“16 Then those who feared the LORD spoke with each other, and the LORD listened to what they said. In his presence, a scroll of remembrance was written to record the names of those who feared him and always thought about the honor of His Name. 17 “They will be my people,” says the LORD of Heaven’s Armies. “On the day when I act in judgment, they will be my own special treasure. I will spare them as a father spares an obedient child.” –Malachi 3:16-17 NLT
In 1888, Alfred Nobel had the rare privilege of reading his own obituary. A French newspaper erroneously printed it upon the death of his brother Ludvig. The obituary said in part: the prolific inventor was the merchant of death and he made it possible to kill more people quickly than anyone in history. That indictment sent shock waves through Alfred’s soul. It became that defining moment that redefined his life and legacy.
Nobel was granted 355 patents during his lifetime, but his most famous was nitroglycerine mixed with absorbent sand and shaped into sticks called dynamite. His invention was used for a vast array of constructive uses but like any invention, it also had the power to be misused and abused. When in the wrong hands, dynamite became a weapon of mass destruction. So, Alfred Nobel, devoted the rest of his life, and his death, to righting that wrong.
After reading the obituary intended for him, Nobel, rewrote his last will and testament. On November 27th, 1895, he decided to use his $9 million fortune to establish one of the most coveted rewards in the world—the Nobel Peace Prize.
A hundred years later his name is synonymous with the world’s greatest advancements in science, literature, medicine, and peace. The cumulative good resulting from that award is incalculable.
Few things are as life-altering as reading your obituary prior to your death. Few things are as life-changing as realizing that God is keeping a record of our deeds.
In the passage above, God overhears the conversations of the faithful people who feared Him. In the ancient world it was common for kings to keep scrolls remembering the people and their deeds, whether righteous or unrighteous. (See Esther 2:23; 6:1-3)
A “scroll of remembrance” was written in God’s presence concerning these faithful believers. The image of God’s record book, which appears throughout the Scriptures (e.g. Exodus 32:32-33; Psalm 56:8; 139:16), indicates that God will never forget and will rightly judge both the good deeds of the righteous and the evil deeds of the wicked (John 5:29).
From the passage in John 5:29, it is important to reiterate that good works function as evidence of true faith and if good works are lacking, they show an absence of true faith (James 2:14).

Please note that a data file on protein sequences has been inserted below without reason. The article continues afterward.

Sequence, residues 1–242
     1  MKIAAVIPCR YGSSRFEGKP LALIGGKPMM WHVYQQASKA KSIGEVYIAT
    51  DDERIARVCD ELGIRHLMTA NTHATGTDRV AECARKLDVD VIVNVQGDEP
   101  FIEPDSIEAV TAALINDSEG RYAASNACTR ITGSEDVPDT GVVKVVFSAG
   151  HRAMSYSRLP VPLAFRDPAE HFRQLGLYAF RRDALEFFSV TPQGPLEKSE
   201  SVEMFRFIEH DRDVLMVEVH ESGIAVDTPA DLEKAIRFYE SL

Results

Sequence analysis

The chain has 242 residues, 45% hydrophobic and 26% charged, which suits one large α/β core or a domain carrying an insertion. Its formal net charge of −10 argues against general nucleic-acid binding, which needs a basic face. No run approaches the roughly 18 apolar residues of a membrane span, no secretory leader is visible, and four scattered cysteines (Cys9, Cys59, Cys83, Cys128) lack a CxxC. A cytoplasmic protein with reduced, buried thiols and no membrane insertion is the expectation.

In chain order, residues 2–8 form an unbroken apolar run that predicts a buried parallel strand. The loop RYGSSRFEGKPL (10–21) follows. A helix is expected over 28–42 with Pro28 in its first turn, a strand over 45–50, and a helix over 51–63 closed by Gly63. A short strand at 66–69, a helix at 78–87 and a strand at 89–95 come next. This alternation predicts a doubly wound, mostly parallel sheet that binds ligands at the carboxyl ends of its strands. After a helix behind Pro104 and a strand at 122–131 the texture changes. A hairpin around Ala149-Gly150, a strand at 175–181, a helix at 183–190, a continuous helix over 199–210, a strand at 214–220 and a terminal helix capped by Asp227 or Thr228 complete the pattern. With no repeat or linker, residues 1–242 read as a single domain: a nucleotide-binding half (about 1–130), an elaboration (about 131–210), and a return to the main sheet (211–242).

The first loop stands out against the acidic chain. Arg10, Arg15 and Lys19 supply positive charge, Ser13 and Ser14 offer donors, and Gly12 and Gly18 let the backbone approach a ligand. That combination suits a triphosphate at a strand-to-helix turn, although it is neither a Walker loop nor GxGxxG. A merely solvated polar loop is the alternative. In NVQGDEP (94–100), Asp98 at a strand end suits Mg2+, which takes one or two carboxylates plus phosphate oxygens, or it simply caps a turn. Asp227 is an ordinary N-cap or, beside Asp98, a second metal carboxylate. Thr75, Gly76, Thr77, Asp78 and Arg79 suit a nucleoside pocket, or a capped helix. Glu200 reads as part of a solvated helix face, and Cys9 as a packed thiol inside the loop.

Alfred Nobel was very fortunate, wasn’t he?
After your death what would you like people to say about you? Probably more importantly, what do you want people to remember about you, and what can you do to help shape those memories now?
You might say, “Well, Dale, I’m pretty young and death is the furthest thing from my mind.” My suggestion for all of us is simply this: Live today with the end in mind!
What are you doing today for the cause of Jesus Christ that will be celebrated at your death?
After all, death is a mirror that gives us a glimpse into who we really are.
Death is a rearview mirror that puts the past into perspective.
The closer you come to death, the clearer and farther you can see.
If you have ever had a near death experience you realize that nothing recalibrates your priorities faster. Whether it’s a cancer screening, a car accident, or a phone call from a military chaplain sharing tragic news of a loved one, these moments bring into focus the brevity of life. In these moments:
• Unimportant things are revealed as insignificant.
• Important things become ALL-important.
• If we allow the Holy Spirit to teach us, they can become defining moments in our lives.
• We realize that everyday ought to be lived like it is our last day.
• We realize the necessity of making every day count.
• We will more quickly make choices to stand up for what is right, rather than bowing down to peer pressure or what is blatantly wrong.
Here are a few efforts you might consider taking this week:
- Make a list of 5-6 things you most want to be said of you before going home to be with Christ. You might also synthesize this down to a single statement you want “written on your gravestone.”
- Write a letter to each of your children and/or grandchildren to be read in your waning years. The letter might consist of what you love about them, or casting a vision for their future. Give them three words of wisdom and two warnings about what to avoid.
- Commit to starting early on all of this as it truly may serve as a plum-line for measuring your success in this life.
Email me some of your answers to the the above questions if you’d like. I’d love to be inspired by what the Lord shows you!